Raymond Harold Lilly had only one appointment on Monday, June 6th, 67 years after D-Day when hundreds of thousands of troops, seamen, pilots and airborne assault teams invaded Normandy, France.
Lilly, now 85, went for a haircut at Dalton's Barbershop on 3rd Avenue North where Bill "Blossom" Ezell clipped the old sailor's white hair, dabbed warm soapy foam around his ears for the razor cut and then brushed him off.
Lilly spoke so softly from the barber chair about the world's largest amphibious invasion that a stool was needed to sit close enough and listen. When Blossom finished, Lilly suggested that the cushioned pews be used to complete the interview.
The Lewisburg resident was asked what he thought about that day 67 years ago when he was two months away from being 19 years old.
"You didn't have much time to think of anything," Lilly said. "You just did what you were supposed to do... I was just on one craft doing what I was supposed to do."
He was on an LCM, a Landing Craft Mechanized boat. The first task he had was to help deal with an LCT, a Landing Craft Tank boat that "was hit in the port bow. It was filled with tanks and we had to get it to shallow water to keep it from sinking."
June 6, 1944, was selected as D-Day because of weather, the full moon, and the high tide. Invasion planners anticipated the loss of many boats, so naval amphibious teams were ready for salvage jobs.
"All the floatable damaged boats were towed out to deep water," Lilly said. "Our job was to keep a lane open for access to shore."
His boat went back and forth into an out of the line of fire laid down by German guns.
"There was no way to avoid it," Lilly recalled. And while keeping a channel open to Omaha Beach, "There were so many dead bodies in the water...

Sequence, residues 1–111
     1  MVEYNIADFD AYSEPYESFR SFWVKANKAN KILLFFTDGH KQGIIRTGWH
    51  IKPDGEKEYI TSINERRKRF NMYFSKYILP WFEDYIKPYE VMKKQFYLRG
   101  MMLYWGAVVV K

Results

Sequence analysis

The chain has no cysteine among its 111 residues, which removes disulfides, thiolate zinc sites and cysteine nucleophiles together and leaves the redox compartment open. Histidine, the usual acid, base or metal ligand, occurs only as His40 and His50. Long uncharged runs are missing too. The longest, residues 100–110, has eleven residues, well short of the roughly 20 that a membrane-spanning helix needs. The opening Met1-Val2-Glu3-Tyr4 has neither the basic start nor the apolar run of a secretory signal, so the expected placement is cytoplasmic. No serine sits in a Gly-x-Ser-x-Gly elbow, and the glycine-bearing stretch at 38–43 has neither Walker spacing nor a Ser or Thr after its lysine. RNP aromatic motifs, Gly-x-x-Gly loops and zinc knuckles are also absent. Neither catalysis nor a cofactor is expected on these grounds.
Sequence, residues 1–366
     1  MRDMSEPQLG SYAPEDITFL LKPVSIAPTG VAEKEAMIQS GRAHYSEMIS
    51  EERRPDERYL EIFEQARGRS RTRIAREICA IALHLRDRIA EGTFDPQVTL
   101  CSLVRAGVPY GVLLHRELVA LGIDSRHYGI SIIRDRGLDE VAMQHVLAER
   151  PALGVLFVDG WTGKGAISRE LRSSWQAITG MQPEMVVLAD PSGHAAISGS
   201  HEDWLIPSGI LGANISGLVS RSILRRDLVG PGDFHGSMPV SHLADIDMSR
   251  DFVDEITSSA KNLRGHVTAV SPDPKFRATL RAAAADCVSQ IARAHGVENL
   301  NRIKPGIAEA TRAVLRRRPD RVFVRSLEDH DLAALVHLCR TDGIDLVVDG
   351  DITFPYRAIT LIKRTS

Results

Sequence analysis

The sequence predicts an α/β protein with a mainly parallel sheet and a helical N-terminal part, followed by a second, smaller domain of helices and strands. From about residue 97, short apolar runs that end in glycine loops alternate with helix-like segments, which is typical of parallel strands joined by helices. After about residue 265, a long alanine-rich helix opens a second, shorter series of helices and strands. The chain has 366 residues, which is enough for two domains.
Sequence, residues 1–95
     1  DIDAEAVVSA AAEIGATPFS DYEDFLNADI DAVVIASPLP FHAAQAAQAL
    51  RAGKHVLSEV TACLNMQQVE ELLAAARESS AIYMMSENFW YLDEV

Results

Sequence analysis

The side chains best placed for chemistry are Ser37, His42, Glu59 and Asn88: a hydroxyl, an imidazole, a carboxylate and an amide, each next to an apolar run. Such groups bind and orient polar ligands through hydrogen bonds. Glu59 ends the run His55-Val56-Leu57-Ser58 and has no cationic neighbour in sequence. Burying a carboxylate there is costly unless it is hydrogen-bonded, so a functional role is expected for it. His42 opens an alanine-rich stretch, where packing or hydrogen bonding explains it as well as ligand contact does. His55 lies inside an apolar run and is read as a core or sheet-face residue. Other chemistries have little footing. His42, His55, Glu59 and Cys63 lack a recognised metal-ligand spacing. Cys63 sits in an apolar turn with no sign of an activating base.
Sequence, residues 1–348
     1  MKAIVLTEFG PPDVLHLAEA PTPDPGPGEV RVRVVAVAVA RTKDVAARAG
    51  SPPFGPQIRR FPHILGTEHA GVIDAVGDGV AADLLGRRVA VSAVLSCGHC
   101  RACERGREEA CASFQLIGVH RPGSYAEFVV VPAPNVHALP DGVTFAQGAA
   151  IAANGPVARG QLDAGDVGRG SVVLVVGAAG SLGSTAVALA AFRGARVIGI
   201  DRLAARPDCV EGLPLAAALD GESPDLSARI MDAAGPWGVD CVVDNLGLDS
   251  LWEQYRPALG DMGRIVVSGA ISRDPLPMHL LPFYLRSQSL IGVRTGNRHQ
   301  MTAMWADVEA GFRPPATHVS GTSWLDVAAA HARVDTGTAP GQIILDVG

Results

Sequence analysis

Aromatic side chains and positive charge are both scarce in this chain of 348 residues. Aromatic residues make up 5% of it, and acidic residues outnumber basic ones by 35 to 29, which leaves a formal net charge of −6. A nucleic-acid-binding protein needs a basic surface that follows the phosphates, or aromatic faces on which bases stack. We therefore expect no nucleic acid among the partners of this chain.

"These boats had big, mean propellers and we were afraid to go over the dead because we'd cut them to pieces...
"On the first day at about 1 p.m., the Germans cut loose with mortars and destroyed everything. There was nothing left but twisted steel. We lost a lot of men."
But he suffered "not a scratch."
Asked why, Lilly points his index finger up and says, "My Lord."
He paused and said, "But we were well trained... What I think made it possible [for the invasion to succeed] was our destroyers."
Those fighting ships "almost came onto the beach... There was a big gun at the top of the hill... and the destroyers finally hit it and logs came rolling down."
After World War II, Lilly was in the active reserves and was recalled for an 18-month tour of duty in Korea.
He subsequently rejoined his father's construction business in Virginia. As a teenager, Lilly had worked for his father, until he persuaded him to sign papers allowing him to join the Navy.
Later he lived in Sissonville, W.Va. with the woman he's been married to for 31 years. She had children from a previous marriage. Her son lives here. A daughter lives in Murfreesboro.
Lilly and his wife, Mary B., moved to Lewisburg in 1998.
After talking for nearly an hour, Lilly said he had to leave. Before he walked from the barbershop, a young man relayed good wishes from a mutual friend.
"Good people," he said of Lewisburg. "Good place."